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Monday, May 9, 2011

KIM XI -- chapter 6.1: Trousers and Jacket Cripple [the] Body and Mind

"First I will take my pay."
Stop reading at: "This somewhat consoled Kim for the beatings."

While I enjoyed this chapter perhaps more than much of the rest of the book to this point, there's not really a lot to discuss or question.  One thing, however, that caught my eye here as well as previously, and which also connects to something I learned prior to beginning the reading of the novel, is the issue of Kipling's racism.  While decidedly racist (and how could one supporting imperialism not be, really?), his bigotry appears to toe a line.  In this chapter we see the distasteful word, "nigger," repeatedly, but Kipling's use thereof is about as favorable as that of Twain's--that is an indicator of ignorance, stupidity, or simply [the stultifying, as opposed to Kipling's subtler and entirely non-self-conscious, brand of] racism and superstition on the part of the one uttering it.  Kipling appears here to recognize a line dividing acceptable and unacceptable "levels" of racism.  Thoughts?  In support of this, there is the issue of Kipling's use of the swastika as an accompaniment to his signature and emblem appearing in early editions of his books.  Despite the immensely negative connotations of the swastika, it's originally/etymologically intended use is markedly innocuous.  The word itself is Sanskrit for "auspicious object" (and I prefer Princeton's definition of "auspicious" simply for its simplistic elegance).  In other words, a swastika is pretty much a good-luck charm.  Yet, according to Wikipedia and its pertinent article's sources, Kipling tossed aside the symbol as soon as there was even the slightest possibility that it might associate him with the Nazi movement, which, of course, was founded nearly entirely upon racism, bigotry, and supposed biological superiority.  But isn't this essentially what an imperialist movement is also built on? --that one race (or government/religion) is exactly what makes the moving country better than / superior to the one it's invading and conquering?  Kipling supported imperialism.  Where did his racism lie?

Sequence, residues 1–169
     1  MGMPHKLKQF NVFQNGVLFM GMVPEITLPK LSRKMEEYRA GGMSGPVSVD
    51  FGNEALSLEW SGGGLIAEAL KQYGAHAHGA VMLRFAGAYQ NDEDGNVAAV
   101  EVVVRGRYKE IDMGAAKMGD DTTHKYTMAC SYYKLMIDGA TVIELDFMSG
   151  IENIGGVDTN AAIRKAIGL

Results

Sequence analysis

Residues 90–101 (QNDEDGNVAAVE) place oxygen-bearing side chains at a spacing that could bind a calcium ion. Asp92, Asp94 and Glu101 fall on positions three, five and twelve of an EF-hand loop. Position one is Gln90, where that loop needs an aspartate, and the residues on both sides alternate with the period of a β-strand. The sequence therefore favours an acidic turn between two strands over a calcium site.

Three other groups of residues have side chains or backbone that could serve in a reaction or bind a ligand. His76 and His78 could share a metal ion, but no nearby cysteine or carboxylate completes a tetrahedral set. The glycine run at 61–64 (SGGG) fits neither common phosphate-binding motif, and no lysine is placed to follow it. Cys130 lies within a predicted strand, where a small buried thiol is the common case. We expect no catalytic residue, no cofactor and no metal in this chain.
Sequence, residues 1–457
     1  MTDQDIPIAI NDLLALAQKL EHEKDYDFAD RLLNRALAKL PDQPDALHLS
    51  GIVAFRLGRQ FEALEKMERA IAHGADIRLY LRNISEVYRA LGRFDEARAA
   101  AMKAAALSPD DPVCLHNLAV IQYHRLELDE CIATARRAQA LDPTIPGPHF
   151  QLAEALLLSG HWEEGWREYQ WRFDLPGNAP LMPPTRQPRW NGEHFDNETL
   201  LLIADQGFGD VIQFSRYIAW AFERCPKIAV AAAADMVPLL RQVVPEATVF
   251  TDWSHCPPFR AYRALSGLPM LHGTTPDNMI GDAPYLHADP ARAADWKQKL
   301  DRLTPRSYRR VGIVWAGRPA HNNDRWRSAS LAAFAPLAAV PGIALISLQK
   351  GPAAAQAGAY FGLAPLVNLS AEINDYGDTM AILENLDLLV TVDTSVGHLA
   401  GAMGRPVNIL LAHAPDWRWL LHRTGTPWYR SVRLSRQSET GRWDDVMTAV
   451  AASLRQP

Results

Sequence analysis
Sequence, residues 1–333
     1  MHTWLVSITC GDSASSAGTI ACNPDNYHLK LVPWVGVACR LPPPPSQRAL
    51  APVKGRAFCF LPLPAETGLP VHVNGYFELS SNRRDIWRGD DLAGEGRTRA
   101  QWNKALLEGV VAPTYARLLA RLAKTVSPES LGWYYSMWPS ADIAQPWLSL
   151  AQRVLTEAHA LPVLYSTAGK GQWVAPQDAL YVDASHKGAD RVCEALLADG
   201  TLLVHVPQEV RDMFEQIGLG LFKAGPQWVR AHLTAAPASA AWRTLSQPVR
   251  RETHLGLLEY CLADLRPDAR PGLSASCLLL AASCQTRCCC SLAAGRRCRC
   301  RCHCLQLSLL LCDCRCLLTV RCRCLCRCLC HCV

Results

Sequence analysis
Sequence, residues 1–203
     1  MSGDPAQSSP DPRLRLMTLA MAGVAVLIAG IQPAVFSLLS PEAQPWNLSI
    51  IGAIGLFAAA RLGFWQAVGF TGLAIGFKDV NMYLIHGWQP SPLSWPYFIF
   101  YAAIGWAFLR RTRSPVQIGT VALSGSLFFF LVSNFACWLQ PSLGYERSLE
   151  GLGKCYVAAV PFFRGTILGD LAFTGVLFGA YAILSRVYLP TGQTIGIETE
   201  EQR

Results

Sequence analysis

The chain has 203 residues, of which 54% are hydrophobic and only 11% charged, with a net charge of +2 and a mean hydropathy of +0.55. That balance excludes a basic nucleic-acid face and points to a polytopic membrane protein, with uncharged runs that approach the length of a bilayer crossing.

1. Yeah, Kipling would have used the swastika before it got hijacked by the Nazis, so I don't think that it's a point against him. The racism is hard to understand because I'm not sure if the use of the "n-word" is used to make the British look somewhat stupid or if he's just accurately describing how they would talk at the time. Twain is so over-the-top that it's clear that he's mocking him. Here, I don't think that you can say that Kipling is endorsing it based on the text, but you can't be sure that it's parody either. I think that it's clear that Kipling was a bit of a racist, but I really don't know how much at this point in the book. The interesting thing to me about Kim is that he doesn't seem to fit in with either side. I wonder if Kipling believes that this is sort of his position in society, whether he was right or wrong to think so.

  2. I've never had such a hard time pinning down an author. Or else, I've never had such a hard time pinning down an author who's book left me room to think, "What is he really doing here?" There are other books that leave a great big blank where the author sits, but they're engaging enough that I don't care, or unimportant enough that I don't bother reading them.

  3. My B&N introduction suggested that Kipling himself was deeply conflicted, based upon his background and the author's analysis of his texts as a whole.

  4. That is really interesting, and, so far, seems to make a lot of sense. After all, didn't he spend a great deal of time in India? How could he not start to really understand and sympathize with them when around and with them so much--at least so much that he was able to write what he did?


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